Furniture Facelift – Part Two

Welcome back! If you followed along with our last post, you’ve been patiently waiting for your furniture to dry, and now it’s time to finish this project! Remember to go back and review Part One if you need a refresher course – we’ll be here waiting when you’re done.

Your furniture is now ready for the finishing touches. After a little little exfoliating and a bit of “make-up,” you won’t even recognize it! Ready, set… sand and stain!

We’ll need a few more materials for these next steps:

- Grain Filler
- Orbit Sander
- 120-grit and 220-grit Sanding Disks
- Sanding Block
- Detail Sander
- Wood Filler
- Rags
- Tack Cloth
- Rubber Gloves
- Wood Stain
- Foam Brush
- Lacquer or other finish coat such as polyurethane
- Natural Bristle Brush

1. If your piece is made with an open-grain wood, like oak, you will need to use grain filler before sanding. Tighter-grained wood, like cherry, will not need this step. Application will vary depending on which type of grain filler you choose.

2. Lightly sand smooth edges with an orbital sander, using the 220-grit sanding disks if the piece is in relatively good shape and doesn’t require much sanding. Sand flat-yet-uneven surfaces with a 120-grit sanding disk, followed by a 220-grit disk to remove any remaining swirl marks.

3. For detailed areas or smaller spaces, you can sand by hand with a sanding block or with a detail sander. Corners and crevices are best sanded with a sanding block. Just be sure the piece is sanded evenly so the stain applies uniformly.

4. Wipe off all excess sand dust from the piece with a tack cloth.

5. Use wood filler to repair any cracks and wipe any excess off with a rag. If you discover any rotten or unsalvageable pieces of wood, you can either try to replace them yourself or get in touch with a local woodworker for repairs.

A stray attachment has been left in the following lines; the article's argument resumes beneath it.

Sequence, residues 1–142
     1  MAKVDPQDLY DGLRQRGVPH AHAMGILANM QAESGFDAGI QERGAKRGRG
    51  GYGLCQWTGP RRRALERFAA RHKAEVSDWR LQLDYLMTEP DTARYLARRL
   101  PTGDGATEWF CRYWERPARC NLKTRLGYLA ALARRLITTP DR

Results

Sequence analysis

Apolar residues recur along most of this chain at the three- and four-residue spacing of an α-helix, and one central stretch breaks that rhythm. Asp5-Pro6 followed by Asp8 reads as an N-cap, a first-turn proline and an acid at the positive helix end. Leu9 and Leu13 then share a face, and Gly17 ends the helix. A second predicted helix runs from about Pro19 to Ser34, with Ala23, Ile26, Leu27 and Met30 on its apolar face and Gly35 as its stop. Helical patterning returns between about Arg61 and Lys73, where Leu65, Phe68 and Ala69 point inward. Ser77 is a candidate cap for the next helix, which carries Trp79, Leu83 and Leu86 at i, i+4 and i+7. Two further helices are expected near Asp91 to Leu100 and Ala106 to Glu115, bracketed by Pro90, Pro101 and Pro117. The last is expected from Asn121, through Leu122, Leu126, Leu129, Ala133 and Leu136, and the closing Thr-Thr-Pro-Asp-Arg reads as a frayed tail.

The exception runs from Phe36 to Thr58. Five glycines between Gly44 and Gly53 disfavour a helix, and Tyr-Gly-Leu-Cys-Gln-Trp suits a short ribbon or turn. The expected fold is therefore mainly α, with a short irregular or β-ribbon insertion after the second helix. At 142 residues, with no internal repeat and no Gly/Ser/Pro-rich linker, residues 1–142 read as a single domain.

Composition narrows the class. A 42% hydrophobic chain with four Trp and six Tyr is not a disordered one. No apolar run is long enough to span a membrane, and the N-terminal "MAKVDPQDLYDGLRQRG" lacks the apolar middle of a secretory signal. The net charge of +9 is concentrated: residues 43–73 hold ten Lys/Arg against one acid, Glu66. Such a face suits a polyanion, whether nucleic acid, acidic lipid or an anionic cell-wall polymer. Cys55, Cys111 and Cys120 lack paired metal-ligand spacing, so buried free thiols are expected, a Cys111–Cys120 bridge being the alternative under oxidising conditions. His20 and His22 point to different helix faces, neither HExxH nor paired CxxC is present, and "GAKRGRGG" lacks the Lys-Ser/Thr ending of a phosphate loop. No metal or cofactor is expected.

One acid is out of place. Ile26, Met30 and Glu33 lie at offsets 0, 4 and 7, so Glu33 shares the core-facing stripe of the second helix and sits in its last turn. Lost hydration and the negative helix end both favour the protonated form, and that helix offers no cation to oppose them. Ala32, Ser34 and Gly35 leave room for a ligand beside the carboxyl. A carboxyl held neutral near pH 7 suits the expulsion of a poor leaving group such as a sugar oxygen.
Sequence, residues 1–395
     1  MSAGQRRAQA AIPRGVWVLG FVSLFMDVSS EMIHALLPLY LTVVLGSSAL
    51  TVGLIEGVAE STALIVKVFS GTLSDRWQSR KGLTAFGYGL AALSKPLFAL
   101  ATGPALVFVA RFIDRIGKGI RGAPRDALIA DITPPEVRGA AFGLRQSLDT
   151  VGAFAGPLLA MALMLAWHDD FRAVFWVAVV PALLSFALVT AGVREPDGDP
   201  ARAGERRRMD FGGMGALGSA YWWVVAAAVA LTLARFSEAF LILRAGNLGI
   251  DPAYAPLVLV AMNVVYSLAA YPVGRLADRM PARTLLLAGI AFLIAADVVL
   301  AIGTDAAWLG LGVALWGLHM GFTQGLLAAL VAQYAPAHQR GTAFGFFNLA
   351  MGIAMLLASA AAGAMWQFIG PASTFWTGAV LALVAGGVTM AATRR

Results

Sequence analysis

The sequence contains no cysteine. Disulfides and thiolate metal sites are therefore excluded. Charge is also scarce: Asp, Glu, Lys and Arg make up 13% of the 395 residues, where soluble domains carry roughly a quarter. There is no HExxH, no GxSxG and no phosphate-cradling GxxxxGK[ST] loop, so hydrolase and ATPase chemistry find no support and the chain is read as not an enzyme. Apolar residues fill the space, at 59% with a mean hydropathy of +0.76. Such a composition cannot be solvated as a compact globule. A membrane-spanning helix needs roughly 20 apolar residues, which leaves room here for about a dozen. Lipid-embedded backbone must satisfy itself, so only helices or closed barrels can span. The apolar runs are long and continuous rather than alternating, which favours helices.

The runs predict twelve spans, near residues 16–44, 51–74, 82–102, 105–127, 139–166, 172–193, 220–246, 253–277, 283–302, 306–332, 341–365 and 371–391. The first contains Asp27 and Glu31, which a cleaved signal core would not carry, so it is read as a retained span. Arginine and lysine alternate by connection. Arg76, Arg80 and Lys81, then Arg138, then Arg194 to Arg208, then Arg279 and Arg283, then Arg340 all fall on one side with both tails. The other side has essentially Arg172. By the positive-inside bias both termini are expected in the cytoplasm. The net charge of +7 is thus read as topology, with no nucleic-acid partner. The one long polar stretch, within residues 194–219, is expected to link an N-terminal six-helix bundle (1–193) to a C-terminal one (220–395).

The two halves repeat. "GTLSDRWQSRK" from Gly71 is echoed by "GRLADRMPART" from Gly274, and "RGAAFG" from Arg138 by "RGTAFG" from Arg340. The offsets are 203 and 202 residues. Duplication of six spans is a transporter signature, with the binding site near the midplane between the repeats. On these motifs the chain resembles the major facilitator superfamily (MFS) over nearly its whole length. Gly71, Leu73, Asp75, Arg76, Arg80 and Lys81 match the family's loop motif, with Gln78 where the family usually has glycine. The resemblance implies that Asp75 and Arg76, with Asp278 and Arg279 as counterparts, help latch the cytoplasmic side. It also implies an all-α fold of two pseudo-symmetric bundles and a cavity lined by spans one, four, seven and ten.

6. Now we’re ready for the part you’ve been waiting for — staining! Apply the stain evenly with a foam brush, ensuring your strokes flow with the grain of the wood. Let the stain sit for about ten minutes.

7. Wipe off the remaining stain with a soft cloth, first moving against the grain, then again moving with the grain.

8. Place the furniture on its side and apply stain, repeating the previous two steps. It’s much easier to avoid stain runoff when the surface is horizontal. Continue repeating these steps until all sides of the furniture have been stained.

9. If you want the color to be darker, apply another coat of stain to the entire piece and wipe off excess, just as before.

10. A finish coat is a necessity. Different finishes will give you different looks (such as shiny or satin) and different levels of protection. Be sure to consider how your piece will be used when selecting a finish. It’s best to apply your wood finish with a natural bristle brush specifically designed for finish coats. Allow it to dry and apply additional coats according to manufacturer’s instructions.

A little time and elbow grease can transform old pieces from drab to fab! Next time you see a piece of furniture that looks like it’s in great shape, but the finish is terrible, don’t pass it up. Now you know how to give antique or well-loved furniture a new life and home!

 

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